Watercolor Brushes

The Doodlewash prompt for today is “Good Hair Day” and since I didn’t want to do a self-portrait, I decided to concentrate on the other important “hair” that I want to have a good hair day everyday: my watercolor brushes.  The criteria for a good watercolor brush is that is should carry/hold a large amount of water (or paint) and that it should come to a sharp point (for round brushes) or a fine ridge (for flat brushes). The very best watercolor brushes are made with the hairs from the tail of the sable martin from Kolinski, Russia.  No wonder they are expensive!  Most watercolorists today use brushes that have some or all synthetic bristles in them.  They are affordable, available, and easily replaced if one wears the point off.

Watercolor Brushes
Watercolor Brushes, 9″ x 4″

Although I have a coffee mug full of brushes, these are the ones that I turn to every day.  From left to right they are: a Silver “Black Velvet” round 8, a Connoisseur 1″ oval wash (also known as a “Cat’s Tongue”), a Silver “Black Velvet” round 12, and an Escoda “Versatil” rigger size 10.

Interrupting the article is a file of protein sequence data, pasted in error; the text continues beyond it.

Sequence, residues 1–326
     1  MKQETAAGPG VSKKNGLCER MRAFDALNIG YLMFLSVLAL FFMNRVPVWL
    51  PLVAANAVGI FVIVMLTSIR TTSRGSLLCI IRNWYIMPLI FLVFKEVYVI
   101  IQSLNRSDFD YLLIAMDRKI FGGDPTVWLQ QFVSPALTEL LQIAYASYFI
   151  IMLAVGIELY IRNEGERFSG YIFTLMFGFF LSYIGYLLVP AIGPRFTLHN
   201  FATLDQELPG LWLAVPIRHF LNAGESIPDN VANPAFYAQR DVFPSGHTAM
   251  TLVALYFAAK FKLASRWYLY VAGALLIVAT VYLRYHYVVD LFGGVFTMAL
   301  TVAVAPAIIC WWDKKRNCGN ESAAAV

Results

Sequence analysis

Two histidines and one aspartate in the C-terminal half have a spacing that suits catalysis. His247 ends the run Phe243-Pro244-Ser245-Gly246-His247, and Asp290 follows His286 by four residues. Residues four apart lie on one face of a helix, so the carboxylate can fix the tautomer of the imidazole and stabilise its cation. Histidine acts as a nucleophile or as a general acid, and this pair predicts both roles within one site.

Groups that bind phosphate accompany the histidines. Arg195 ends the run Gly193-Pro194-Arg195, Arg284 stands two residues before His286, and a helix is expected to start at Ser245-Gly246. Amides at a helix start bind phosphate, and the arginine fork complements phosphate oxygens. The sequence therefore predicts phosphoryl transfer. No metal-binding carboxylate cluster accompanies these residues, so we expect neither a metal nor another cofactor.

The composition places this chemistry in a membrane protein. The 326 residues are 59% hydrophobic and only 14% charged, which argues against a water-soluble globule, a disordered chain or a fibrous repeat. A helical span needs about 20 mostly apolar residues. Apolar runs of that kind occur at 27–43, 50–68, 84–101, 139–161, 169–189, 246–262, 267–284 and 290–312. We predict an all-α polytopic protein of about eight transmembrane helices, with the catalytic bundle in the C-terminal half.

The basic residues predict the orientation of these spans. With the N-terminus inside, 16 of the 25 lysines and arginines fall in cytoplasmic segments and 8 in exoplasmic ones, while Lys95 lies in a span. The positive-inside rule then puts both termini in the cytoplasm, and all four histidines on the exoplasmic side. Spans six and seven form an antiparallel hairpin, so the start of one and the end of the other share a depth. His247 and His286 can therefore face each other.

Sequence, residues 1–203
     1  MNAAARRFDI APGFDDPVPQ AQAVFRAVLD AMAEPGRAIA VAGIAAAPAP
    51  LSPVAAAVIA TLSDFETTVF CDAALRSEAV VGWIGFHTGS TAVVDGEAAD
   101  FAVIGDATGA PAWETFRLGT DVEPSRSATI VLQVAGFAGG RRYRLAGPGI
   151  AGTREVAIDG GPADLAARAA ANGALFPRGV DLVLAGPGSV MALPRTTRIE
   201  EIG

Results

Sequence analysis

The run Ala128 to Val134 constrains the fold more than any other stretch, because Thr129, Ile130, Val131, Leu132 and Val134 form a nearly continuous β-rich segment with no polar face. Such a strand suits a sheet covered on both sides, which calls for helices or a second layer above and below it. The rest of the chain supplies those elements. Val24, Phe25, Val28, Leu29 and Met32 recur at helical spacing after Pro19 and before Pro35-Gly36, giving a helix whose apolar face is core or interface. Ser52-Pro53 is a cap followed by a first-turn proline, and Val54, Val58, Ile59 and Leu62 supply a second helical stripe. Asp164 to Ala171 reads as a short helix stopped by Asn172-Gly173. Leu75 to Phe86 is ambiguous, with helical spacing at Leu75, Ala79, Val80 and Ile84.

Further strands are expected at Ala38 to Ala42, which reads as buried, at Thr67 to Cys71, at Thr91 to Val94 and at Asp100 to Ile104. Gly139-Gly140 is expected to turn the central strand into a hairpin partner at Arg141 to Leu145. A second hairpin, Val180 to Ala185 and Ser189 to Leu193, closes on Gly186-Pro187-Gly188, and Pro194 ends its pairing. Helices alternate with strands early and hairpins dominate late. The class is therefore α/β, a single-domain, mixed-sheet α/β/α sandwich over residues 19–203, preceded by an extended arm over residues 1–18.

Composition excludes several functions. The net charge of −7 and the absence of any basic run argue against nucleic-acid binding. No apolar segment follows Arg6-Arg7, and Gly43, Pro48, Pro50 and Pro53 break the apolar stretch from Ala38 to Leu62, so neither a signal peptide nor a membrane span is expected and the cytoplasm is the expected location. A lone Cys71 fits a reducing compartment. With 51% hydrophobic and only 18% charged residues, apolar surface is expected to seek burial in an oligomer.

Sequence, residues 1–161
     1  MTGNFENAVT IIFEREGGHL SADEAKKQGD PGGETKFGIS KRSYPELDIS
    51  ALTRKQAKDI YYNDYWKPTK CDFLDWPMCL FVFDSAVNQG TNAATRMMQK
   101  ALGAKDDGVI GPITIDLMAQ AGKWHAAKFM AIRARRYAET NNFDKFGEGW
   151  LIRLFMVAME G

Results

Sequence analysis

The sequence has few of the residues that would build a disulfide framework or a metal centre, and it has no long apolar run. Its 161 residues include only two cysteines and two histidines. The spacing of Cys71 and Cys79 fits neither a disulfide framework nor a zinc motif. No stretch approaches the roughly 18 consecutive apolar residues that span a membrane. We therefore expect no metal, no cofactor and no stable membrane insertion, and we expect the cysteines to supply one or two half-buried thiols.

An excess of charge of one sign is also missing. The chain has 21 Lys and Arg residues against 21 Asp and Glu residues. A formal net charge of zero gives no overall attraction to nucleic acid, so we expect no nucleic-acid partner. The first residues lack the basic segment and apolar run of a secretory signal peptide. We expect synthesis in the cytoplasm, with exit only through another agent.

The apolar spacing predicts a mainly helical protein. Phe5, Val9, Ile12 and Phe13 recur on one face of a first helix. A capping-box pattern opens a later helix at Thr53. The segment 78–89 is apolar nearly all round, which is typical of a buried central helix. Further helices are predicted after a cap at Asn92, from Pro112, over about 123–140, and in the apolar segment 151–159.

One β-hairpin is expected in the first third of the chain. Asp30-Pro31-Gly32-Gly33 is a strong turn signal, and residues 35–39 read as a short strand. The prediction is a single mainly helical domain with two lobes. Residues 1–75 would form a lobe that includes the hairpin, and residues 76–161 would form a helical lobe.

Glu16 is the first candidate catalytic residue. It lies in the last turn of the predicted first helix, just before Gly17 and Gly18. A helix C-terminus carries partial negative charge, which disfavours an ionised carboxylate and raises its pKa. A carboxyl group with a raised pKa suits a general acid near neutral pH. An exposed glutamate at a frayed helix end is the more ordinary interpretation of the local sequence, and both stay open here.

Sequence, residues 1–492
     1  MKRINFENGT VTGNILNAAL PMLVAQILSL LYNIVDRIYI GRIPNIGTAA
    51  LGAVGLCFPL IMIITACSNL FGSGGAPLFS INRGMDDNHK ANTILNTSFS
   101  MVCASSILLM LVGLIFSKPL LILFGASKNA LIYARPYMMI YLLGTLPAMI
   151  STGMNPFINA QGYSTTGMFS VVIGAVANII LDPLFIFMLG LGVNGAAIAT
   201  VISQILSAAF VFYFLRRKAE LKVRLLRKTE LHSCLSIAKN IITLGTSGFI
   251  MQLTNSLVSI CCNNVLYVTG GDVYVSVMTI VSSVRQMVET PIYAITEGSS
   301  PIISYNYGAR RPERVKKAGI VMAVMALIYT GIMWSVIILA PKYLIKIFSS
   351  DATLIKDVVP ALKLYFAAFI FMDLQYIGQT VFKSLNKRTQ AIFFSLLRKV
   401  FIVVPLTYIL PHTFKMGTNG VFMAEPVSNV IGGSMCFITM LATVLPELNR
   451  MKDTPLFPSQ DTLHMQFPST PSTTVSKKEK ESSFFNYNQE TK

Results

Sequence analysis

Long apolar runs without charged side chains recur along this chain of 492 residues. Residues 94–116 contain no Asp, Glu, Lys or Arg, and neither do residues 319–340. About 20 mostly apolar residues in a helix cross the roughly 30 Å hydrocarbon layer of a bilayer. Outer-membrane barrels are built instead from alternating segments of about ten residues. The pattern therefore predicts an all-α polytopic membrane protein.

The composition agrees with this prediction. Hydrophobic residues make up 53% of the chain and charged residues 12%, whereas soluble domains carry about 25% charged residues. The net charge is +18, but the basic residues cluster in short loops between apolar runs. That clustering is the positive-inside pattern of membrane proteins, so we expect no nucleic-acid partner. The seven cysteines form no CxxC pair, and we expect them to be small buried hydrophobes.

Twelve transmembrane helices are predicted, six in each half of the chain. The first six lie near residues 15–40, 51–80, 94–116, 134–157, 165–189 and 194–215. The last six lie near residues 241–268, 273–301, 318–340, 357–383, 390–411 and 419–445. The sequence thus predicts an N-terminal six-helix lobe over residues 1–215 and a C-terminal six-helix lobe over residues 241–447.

In order for brushes to have “good hair days” they need some basic care.  They should be kept clean and dry when not in use.  They should not be left standing in a container of water.  This can loosen the glue holding the bristles in the ferrule and cause the bristles to take the same shape that hair does on a pillow overnight, especially when one wakes up with the hair going in every direction!  If this happens, sometimes the bristles can be reshaped with the help of some bar soap, with the suds worked into the bristles fairly dry so that the soap helps hold the bristles in the correct shape and allowed to dry.  The soap washes out once the brush can hold its shape again.

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